Food Science: Cooking Non-Vegan Food as a Vegan

Once I decided to transition into the vegan lifestyle, many things that I wouldn’t even consider to be difficult were now opportunities for controversy. I can go on and on about the challenges that some vegans face if they want to live mostly pure of animal products. For now, I will just focus on one of the most common cases that many vegans experience: cooking non-vegan food as a vegan.

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There’s quite a lot of controversy when it comes to surrounding yourself in an environment or around other people that aren’t necessarily accommodating towards the vegan lifestyle. In my case, I am a Food Science major studying at an agricultural-oriented university and in a college that also teaches the very ways of slaughterhouses. It sounds absolutely awful, I know it is, and I’m not entirely proud of that. Regardless, I absolutely adore my field of study and continue to fascinate myself with new information that will enable me to become a wiser, more experienced, and more cultured food scientist.

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Having studied Food Science for two years thus far, I have taken three courses where I work with non-vegan ingredients and whip up non-vegan recipes. In addition, I work in a dining complex that includes a burger joint, Chick-Fil-A, a burrito and taco bar, and an international food vendor that always serves animal-based food. Not to mention that I lived with five non-vegans during my first year of college and came home to the smell of Spam and eggs every other night. Oh yeah, and nobody in my family is vegan, so even when I return home, I’m closely present around meat, cheese, eggs, etc. Trust me, if there’s ANYONE who is totally used to being around about animal products, it’s me.

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With that being said, I don’t voluntarily choose to work with animal products because I want to. The aroma, the texture, the appearance, and the residue of meats and viscous dairy grosses me out just as much as any other vegan. However, I choose to work with animal products because I want to obtain the knowledge on handling animal products properly as well as analyzing why these animal products are important in their roles as food items. On top of that, my food science program is part of my educational experience, after all. Why would I want to waste tuition and vigor by not participating in my labs?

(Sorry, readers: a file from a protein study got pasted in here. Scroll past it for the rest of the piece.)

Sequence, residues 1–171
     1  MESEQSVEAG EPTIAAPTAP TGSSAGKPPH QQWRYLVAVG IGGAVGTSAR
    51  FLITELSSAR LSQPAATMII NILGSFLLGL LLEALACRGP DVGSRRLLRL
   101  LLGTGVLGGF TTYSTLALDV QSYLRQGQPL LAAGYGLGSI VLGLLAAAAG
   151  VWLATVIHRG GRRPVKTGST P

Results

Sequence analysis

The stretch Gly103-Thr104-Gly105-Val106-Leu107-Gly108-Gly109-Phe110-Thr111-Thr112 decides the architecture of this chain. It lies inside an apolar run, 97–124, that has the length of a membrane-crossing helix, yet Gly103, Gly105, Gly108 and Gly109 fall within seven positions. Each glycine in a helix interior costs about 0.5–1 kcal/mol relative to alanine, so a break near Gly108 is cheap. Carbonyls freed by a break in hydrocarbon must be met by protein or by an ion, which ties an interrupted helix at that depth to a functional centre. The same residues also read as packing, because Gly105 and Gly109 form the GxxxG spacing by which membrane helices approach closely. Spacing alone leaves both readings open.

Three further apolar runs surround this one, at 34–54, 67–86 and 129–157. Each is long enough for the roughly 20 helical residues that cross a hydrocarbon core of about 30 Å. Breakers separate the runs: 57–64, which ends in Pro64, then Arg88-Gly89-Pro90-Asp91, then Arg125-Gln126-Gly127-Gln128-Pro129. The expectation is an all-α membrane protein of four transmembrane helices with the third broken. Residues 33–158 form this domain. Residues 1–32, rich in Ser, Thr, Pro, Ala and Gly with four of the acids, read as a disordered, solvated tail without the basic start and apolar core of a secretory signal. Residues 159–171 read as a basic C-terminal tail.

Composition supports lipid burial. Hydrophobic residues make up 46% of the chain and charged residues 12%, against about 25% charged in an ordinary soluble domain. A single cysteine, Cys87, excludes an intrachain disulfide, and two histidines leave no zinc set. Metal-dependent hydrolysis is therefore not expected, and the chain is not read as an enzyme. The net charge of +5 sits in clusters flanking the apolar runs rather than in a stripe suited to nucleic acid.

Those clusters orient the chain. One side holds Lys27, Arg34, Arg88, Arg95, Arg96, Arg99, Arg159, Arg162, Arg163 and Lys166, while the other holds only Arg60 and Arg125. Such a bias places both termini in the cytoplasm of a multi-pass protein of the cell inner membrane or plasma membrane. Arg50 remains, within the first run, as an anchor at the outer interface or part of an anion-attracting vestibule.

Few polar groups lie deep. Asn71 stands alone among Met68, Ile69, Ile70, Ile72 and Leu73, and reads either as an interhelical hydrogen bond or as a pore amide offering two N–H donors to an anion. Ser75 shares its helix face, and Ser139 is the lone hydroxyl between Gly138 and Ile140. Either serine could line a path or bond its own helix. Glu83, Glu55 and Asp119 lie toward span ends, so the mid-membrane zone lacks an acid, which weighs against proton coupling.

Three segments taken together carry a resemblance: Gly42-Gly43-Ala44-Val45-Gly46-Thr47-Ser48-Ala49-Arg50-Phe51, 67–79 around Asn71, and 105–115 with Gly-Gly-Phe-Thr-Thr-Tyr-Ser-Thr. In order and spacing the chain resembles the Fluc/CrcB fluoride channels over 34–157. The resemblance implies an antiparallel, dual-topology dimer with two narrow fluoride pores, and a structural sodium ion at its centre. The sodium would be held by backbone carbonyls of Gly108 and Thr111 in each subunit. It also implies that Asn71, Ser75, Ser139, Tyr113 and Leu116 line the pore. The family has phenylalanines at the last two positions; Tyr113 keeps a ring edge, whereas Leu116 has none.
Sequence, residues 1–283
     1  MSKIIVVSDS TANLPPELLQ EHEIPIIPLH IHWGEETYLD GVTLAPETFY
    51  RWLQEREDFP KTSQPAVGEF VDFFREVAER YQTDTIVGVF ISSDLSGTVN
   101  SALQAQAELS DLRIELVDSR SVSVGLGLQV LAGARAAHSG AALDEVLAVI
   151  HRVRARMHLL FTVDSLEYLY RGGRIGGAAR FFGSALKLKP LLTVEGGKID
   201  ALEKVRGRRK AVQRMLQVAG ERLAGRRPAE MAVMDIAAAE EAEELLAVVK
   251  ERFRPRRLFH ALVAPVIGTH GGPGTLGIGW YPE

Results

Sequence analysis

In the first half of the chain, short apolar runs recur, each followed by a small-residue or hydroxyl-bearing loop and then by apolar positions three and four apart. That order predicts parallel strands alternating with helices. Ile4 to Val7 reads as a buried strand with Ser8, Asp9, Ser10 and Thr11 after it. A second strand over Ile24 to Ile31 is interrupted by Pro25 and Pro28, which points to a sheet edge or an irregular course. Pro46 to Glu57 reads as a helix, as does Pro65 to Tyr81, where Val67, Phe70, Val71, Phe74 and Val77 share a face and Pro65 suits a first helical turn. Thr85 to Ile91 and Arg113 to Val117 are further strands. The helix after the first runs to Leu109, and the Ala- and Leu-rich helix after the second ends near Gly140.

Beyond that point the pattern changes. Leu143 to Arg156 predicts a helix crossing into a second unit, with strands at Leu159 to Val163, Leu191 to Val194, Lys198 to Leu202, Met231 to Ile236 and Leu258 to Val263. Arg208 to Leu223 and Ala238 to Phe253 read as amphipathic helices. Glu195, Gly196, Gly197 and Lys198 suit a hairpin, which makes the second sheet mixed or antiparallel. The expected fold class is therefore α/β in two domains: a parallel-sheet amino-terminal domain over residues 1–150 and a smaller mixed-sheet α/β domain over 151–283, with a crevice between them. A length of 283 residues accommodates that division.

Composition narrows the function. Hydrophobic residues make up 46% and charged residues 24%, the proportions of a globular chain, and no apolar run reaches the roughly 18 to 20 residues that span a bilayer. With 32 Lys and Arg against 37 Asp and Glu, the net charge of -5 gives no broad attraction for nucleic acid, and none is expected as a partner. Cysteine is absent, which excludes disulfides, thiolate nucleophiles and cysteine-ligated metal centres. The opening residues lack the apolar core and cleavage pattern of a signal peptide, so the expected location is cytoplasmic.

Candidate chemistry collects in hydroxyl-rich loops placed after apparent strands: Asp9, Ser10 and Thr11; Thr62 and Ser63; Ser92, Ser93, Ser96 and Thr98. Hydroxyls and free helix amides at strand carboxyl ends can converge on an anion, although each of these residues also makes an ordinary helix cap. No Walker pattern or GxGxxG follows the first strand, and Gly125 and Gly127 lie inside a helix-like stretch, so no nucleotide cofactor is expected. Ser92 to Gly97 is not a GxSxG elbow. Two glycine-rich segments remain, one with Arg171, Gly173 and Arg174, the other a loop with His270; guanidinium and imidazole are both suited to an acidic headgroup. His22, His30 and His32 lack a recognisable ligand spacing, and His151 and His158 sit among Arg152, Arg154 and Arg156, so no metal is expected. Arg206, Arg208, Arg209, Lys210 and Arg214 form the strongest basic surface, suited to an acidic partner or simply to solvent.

Yes, cooking animal products goes against my morals. However, we live in an imperfect world where a lot of industries and establishments run on unethical practices, so we can only do the best possible job on our part to eliminate suffering. Remarkably, amazing vegan, cruelty free, and/or fair trade start-ups are on the rise. That being said, some vegan companies, according to their job applications, do require experience in meat or dairy processing plants. It makes complete sense, given that many vegan companies manufacture meat, dairy, and/or egg alternatives that aim to parallel their non-vegan counterparts as much as possible.

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Truth be told, I don’t know how many times I will have to work in a non-vegan food establishment or processing plant. But I know that 100% of the time, I will comply with cooking non-vegan food for now and in the future when I do so. There is no other way I will know how to coagulate milk for cheese production if I want to create my own vegan cheese. There is no other way I will understand the properties of eggs in baking and that it is more than just a structural binder–it works as an emulsifying agent that adds moisture, leavening, stability, coagulation, and so much more–to decide which egg substitute or blend I should use for vegan baked goods.

Stepping into the food industry entails that I will be at the hands of all kinds of customers: elders, pregnant women, children, celiacs, cancer patients, diabetics, Paleo folks, vegetarians, pescetarians, vegans, ketogenics, flexible dieters, bikini competitors, bodybuilders, obese individuals, eating disorder patients, the list never ends. If I refuse to serve anyone that requests a dish with animal products or byproducts, I lose my privilege to serve food that I am passionate about myself, which includes ingredients from a varied, flavorful, and nutrient dense plant-based diet. I want to be able to feed all kinds of people and show how fulfilling it is to eat more fruits, vegetables, legumes, grains, nuts, seeds, and plant-based desserts (of course!).

To simplify, I don’t think I’m dishonoring veganism by partaking in non-vegan food preparation in my food science labs. Vegans still encompass a minority of the universal human population and need to employ themselves in all kinds of food establishments. It would be nearly impossible for veganism to expand if vegans isolated themselves from those who could potentially adopt this lifestyle. Facilitating the vegan movement in places where veganism is not as prevalent is absolutely key to spreading the message.

One day, I can start my own business with a completely vegan menu that only carries fair trade and ethically sourced material. But for now, I need to acquire the experience, the knowledge, and the confidence to do so. I openly acknowledge that I have no qualifications to “brand” myself if I’m just starting from scratch, and I think that’s important. Knowledge is power, but it is in your power to use it, ignore it, or optimize it to your personal advantage.

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